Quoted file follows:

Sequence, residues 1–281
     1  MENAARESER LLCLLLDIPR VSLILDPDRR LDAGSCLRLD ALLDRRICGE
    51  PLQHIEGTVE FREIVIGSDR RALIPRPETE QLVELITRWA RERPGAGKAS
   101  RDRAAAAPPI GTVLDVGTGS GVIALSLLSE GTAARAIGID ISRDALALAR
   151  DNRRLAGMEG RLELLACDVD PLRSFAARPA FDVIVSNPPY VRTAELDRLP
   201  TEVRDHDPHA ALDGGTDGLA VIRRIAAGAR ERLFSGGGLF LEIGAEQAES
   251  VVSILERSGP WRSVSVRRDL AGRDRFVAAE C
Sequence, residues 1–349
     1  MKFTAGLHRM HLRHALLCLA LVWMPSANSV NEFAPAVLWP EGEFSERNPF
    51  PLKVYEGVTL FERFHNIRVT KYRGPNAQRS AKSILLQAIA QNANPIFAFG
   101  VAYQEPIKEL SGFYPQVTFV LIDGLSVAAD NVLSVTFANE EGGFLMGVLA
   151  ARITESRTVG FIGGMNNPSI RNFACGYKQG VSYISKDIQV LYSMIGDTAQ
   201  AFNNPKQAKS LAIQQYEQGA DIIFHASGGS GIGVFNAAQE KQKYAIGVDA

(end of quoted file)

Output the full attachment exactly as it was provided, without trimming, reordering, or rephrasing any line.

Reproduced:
Sequence, residues 1–281
     1  MENAARESER LLCLLLDIPR VSLILDPDRR LDAGSCLRLD ALLDRRICGE
    51  PLQHIEGTVE FREIVIGSDR RALIPRPETE QLVELITRWA RERPGAGKAS
   101  RDRAAAAPPI GTVLDVGTGS GVIALSLLSE GTAARAIGID ISRDALALAR
   151  DNRRLAGMEG RLELLACDVD PLRSFAARPA FDVIVSNPPY VRTAELDRLP
   201  TEVRDHDPHA ALDGGTDGLA VIRRIAAGAR ERLFSGGGLF LEIGAEQAES
   251  VVSILERSGP WRSVSVRRDL AGRDRFVAAE C
Sequence, residues 1–349
     1  MKFTAGLHRM HLRHALLCLA LVWMPSANSV NEFAPAVLWP EGEFSERNPF
    51  PLKVYEGVTL FERFHNIRVT KYRGPNAQRS AKSILLQAIA QNANPIFAFG
   101  VAYQEPIKEL SGFYPQVTFV LIDGLSVAAD NVLSVTFANE EGGFLMGVLA
   151  ARITESRTVG FIGGMNNPSI RNFACGYKQG VSYISKDIQV LYSMIGDTAQ
   201  AFNNPKQAKS LAIQQYEQGA DIIFHASGGS GIGVFNAAQE KQKYAIGVDA